Sanford leaders have created a new grant program to incentivize construction in downtown.

Created by the Sanford Downtown Community Redevelopment Agency (CRA), the New Construction Grant program will reimburse developers for 20 percent of their construction cost. The maximum grant would be $100,000, which would require a developer to incur at least $500,000 in construction costs .

The program is similar to the CRA’s Rehabilitation Loan subsidy that assists property owners in the renovation of historic buildings for commercial use.

With nearly 100 acres of developable property in and around downtown, the goal of the program is to broaden the tax base by encouraging development on vacant and under-used properties.

“We’ve seen quite a bit of success with the rehab program, and the board wanted to supplement that by adding a new construction incentive,” CRA executive director Sonia Fonseca said.

Only new construction projects on vacant land qualify for the grant. Additions or modifications to an existing structure would be considered a rehab project, and would have to apply under that program.

Fonseca said CRA board members would evaluate applicants based on new construction projects’ ability to: Spur additional development and private investment, fill nearby empty retail spaces, increase employment opportunities, and increase area property values.

“We are really looking for projects that have a ‘halo effect,'” she said. “That might be by adding jobs, destination spots or residents.”

Fonseca said applicants must provide a scope of work, drawings, construction bids and pro formas, including funding sources. She stressed that the grant would reimburse the developer only for hard construction costs, not land purchases or permiting and design. In addition, the developer would be reimbursed only after the structure has received a certificate of occupancy.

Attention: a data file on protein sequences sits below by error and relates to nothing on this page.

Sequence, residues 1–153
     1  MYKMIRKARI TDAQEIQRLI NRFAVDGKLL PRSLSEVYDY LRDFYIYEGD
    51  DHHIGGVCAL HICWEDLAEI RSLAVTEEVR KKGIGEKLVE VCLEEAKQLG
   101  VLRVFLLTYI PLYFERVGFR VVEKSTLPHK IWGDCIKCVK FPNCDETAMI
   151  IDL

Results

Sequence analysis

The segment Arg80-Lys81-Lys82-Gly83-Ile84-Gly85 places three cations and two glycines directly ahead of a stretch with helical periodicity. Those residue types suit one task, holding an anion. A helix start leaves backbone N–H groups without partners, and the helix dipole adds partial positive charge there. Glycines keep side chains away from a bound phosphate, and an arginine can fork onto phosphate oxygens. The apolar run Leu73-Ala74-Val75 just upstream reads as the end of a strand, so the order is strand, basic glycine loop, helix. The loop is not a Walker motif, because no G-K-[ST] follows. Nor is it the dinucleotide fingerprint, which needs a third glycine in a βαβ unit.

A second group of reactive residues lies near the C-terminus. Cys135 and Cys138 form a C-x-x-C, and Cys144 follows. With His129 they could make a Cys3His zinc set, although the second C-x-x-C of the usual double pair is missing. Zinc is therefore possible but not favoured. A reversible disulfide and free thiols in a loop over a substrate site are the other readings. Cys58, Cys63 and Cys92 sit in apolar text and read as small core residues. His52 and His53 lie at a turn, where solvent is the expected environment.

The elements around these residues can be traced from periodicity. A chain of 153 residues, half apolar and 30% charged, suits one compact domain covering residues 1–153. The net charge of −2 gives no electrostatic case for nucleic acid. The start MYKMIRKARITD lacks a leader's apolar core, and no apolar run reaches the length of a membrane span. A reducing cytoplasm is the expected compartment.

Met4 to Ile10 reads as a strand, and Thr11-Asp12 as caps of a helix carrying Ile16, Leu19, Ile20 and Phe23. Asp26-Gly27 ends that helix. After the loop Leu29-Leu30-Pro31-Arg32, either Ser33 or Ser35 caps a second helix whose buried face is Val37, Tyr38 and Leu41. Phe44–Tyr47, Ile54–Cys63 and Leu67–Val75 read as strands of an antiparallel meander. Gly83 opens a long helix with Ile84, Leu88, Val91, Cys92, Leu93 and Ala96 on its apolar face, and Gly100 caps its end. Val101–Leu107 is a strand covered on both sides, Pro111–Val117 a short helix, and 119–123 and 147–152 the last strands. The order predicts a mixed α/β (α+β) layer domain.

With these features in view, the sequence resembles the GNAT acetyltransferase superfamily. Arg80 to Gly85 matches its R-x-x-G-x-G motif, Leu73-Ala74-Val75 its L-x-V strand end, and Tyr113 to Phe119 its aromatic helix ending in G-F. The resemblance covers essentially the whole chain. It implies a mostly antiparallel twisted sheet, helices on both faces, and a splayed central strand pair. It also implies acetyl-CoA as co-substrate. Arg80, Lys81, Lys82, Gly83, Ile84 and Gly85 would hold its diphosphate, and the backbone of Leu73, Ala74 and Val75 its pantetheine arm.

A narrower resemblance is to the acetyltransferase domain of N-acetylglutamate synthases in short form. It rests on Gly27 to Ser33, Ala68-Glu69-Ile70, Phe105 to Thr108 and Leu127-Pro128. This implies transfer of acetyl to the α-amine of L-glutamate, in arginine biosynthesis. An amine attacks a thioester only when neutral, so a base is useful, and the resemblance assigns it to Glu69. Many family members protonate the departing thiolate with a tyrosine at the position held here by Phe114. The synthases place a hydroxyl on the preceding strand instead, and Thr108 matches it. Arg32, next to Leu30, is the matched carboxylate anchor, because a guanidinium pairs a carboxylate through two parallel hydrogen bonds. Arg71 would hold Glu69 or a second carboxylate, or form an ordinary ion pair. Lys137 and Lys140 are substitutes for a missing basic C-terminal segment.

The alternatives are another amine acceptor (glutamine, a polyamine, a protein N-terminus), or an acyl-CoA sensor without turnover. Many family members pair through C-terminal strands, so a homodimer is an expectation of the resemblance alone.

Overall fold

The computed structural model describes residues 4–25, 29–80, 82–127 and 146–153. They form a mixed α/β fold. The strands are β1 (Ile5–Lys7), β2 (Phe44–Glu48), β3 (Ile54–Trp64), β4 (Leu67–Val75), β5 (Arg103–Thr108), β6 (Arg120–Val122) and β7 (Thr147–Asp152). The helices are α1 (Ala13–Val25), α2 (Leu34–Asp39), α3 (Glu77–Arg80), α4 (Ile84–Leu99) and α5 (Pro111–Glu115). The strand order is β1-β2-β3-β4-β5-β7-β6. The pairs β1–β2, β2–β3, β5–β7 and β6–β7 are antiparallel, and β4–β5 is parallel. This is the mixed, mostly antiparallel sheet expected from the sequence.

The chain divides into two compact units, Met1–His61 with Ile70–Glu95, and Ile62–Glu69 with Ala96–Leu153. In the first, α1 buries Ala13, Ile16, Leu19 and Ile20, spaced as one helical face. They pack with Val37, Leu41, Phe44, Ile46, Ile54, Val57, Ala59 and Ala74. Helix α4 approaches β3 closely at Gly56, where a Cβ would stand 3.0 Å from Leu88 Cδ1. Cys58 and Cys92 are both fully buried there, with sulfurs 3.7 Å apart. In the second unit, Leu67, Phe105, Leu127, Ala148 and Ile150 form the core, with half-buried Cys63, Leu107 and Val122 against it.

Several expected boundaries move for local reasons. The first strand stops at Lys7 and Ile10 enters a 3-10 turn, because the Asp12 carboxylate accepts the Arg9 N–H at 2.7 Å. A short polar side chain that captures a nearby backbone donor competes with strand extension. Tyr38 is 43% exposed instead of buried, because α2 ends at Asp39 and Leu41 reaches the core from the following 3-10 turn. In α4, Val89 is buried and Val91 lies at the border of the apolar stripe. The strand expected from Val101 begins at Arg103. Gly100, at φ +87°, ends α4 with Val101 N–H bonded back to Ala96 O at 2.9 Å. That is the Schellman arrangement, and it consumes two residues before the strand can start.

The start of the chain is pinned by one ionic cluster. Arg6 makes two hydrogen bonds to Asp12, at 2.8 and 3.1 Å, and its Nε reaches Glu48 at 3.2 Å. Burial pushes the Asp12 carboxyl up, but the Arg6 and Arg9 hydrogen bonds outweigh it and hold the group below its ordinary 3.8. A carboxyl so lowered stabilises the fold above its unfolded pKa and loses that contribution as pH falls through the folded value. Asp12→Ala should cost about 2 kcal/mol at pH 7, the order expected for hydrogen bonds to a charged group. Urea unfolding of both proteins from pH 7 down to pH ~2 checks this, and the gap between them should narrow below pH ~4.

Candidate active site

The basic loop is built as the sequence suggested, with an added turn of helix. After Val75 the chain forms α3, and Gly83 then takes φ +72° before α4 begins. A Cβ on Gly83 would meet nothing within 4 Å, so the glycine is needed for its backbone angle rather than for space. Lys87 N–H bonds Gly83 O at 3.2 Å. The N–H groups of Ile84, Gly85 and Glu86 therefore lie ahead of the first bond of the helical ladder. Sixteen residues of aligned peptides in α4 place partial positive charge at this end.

CRA chairman Charles Davis said the board has budgeted $250,000 dollars for the grant program in this fiscal year. While he admits that is not a substantial amount of money, he said the goal is to see if the incentive program works.

“Since this is our first year with the program, we’re not sure how much interest there will be,” he said. “we hope there is a lot of interest, at which point we can address funding in next year’s budget.”

Davis added that the grant is another tool in the economic development toolbox the city leaders can use to increase Sanford’s tax base. In addition to the rehab loan subsidy, city residents in March approved a tax abatement program that could reduce property taxes by 50 percent over 10 years for qualifying new development throughout the city.

Bob Duncan owns vacant property in downtown Sanford and said he intends to apply for the grant.

“A $100,000 check will get your attention. This encourages developers to take the first step and consider building in downtown,” said Duncan.

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